Wednesday, September 09, 2020

Bill Frisell - Valentine (Blue Note, 2020)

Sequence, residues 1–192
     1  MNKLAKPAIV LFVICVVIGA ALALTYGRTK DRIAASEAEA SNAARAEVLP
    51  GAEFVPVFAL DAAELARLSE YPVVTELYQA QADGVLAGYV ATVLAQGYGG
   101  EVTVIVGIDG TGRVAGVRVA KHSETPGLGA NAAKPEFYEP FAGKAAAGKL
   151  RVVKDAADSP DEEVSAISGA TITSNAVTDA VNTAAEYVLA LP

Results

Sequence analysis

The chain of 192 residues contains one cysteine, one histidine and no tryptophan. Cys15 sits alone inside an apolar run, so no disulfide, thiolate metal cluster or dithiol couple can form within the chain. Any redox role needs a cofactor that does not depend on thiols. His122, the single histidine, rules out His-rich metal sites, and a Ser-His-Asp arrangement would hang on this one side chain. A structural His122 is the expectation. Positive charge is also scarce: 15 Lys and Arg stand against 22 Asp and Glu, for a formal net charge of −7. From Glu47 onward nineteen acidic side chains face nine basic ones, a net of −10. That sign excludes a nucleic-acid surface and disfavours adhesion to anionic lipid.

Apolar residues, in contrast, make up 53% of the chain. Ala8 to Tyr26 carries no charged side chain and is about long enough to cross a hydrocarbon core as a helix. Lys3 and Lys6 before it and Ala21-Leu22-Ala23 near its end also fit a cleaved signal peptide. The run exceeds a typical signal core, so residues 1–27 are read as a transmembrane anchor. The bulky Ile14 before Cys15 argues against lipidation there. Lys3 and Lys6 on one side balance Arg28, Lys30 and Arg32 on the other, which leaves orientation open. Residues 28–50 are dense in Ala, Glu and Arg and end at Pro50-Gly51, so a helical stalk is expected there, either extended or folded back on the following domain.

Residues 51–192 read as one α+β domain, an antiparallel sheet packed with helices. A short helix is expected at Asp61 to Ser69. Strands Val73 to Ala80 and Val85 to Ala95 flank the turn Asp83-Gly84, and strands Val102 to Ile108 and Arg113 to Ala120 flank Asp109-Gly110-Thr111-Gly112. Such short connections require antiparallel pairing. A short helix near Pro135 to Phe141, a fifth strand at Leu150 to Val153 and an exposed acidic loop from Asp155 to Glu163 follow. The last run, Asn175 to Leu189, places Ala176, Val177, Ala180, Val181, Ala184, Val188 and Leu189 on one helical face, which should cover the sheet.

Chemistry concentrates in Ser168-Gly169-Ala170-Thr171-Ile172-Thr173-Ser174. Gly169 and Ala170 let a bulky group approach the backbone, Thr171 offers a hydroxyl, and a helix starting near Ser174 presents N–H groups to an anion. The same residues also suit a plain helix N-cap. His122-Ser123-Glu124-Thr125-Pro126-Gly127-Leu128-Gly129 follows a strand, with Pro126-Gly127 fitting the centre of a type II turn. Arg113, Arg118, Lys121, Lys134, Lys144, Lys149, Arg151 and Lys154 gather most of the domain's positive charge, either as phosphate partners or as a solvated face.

Guitarist Bill Frisell has played with bassist Thomas Morgan and drummer Rudy Rouston in many situations, but until now they have never recorded together. This album rectifies that situation with a wide ranging song set that mixes originals, standards, traditionals and cover songs. The music works well, with deep sense of structure along with and occasionally exploratory approach to making music. They lead off their their best song, the West African influenced "Baba Dame" which develops a mysterious and inviting sound with percussion and unusual guitar tones and effects creating a fascinating opening. Supple bass and the wonderful rhythm that was developed by Royston create an excellent foundation, while Frisell deftly uses pedals and loops to modify his sound, but their presence does not overwhelm the overall progress of this performance, which works very well overall. The title track "Valentine" has the drums opening before Frisell joins, developing a prickly Monk like theme which evolves into a knotty trio performance. Taut bass support allows Frisell to move at will, and he rewards both Morgan and Royston with solo sections of their own which hare shaded by guitar accents. "Levees" has an enigmatic beginning, with probing guitar leads Frisell to digging a deep bluesy furrow, and the music accretes around a strong rhythmic foundation with shards of guitar and drum rolls punctuated by cymbal crashes. The leader uses a light guitar tone on "Keep Your Eyes Open" with extensive use of electronics and looping amid airy bass and drums to create a very solid trio performance, mixing a somewhat mannered approach with splashes of color. The album is concluded with a song that is often performed in times of strife "We Shall Overcome" and as the bass and percussion fold around the spokes of Frisell's guitar, thoughts cannot but be wrenched back to shots in the back, illness run amok, government ineptitude and deep despair. Regardless, this is an unfailingly pleasant album to listen to as every Frisell album on a larger label is (he really lets go when he records for John Zorn's Tzadik label.) The three musicians play immaculately, and on the above tracks, they rise above to make genuinely creative and powerful music. Valentine -

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